Université de Nanterre, Paris
The exile suffered by French republicans who were forced to flee France in the aftermath of the revolutionary days of 1848 and 1849 and after the coup d’état of Louis-Napoléon Bonaparte, the future Napoléon III, on 2 December 1851, offers a privileged observation post to analyse the forms of political and committed literature. In particular, it allows us to see how forms of opposition are reconfigured when they no longer have access to the usual places of politics. This article aims to recall the scope and difficulties of this militant production, but also to understand the complex relationship between action and speech: does writing really allow one to act? The debate revolves around the question of tyrannicide. If the use of violence is not necessarily condemnable, is it still advisable at a time when the right to vote and pacifism are developing? .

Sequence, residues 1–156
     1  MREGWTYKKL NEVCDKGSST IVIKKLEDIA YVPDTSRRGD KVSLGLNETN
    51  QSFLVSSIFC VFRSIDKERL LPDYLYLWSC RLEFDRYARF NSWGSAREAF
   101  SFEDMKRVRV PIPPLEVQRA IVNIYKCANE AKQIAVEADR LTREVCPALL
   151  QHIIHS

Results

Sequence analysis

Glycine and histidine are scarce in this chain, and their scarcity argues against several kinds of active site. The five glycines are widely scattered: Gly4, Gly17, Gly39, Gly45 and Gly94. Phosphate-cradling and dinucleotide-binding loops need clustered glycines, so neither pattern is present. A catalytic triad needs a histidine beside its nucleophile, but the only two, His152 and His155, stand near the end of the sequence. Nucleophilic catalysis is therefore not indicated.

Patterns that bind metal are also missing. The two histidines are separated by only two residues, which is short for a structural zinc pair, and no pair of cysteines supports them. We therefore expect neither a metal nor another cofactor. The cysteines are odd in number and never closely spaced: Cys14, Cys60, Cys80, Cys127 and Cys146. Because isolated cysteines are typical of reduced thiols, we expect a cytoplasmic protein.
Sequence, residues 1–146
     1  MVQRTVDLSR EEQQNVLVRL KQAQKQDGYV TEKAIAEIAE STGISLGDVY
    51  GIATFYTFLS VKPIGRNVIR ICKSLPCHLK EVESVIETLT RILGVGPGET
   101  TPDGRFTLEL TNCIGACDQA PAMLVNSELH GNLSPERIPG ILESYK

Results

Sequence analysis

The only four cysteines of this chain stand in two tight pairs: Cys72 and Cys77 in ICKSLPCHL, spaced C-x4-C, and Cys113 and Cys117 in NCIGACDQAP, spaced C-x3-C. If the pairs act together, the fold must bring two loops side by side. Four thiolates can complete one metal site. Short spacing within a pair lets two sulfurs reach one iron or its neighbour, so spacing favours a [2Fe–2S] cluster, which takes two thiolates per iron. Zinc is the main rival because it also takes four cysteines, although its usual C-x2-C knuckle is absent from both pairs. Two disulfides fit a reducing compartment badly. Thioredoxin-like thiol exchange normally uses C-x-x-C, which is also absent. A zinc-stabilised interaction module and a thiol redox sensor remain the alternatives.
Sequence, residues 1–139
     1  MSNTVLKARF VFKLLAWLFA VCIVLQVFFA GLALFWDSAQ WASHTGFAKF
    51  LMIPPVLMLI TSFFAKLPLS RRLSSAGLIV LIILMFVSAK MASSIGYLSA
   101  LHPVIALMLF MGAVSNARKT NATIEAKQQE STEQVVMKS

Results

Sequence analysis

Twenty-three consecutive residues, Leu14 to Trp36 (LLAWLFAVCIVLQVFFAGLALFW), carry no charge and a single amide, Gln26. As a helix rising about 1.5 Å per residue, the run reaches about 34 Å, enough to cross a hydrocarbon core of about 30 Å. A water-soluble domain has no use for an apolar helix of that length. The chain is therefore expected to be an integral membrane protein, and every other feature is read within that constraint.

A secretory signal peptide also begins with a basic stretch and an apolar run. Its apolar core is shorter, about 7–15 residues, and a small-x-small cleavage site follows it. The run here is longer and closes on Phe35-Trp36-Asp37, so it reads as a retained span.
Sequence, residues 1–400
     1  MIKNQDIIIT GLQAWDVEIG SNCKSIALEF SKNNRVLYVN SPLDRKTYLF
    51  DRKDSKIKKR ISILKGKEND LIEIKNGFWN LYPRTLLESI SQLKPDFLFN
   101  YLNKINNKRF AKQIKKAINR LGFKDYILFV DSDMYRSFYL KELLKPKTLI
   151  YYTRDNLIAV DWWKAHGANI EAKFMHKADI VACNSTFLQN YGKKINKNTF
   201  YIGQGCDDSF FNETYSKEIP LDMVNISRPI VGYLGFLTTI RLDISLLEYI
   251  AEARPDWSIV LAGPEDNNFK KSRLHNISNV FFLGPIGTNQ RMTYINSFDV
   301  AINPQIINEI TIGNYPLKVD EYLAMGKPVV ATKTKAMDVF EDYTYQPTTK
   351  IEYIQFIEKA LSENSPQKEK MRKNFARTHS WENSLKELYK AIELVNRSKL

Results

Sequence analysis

Exile – Press – Tyrannicide – Attack – Pamphlet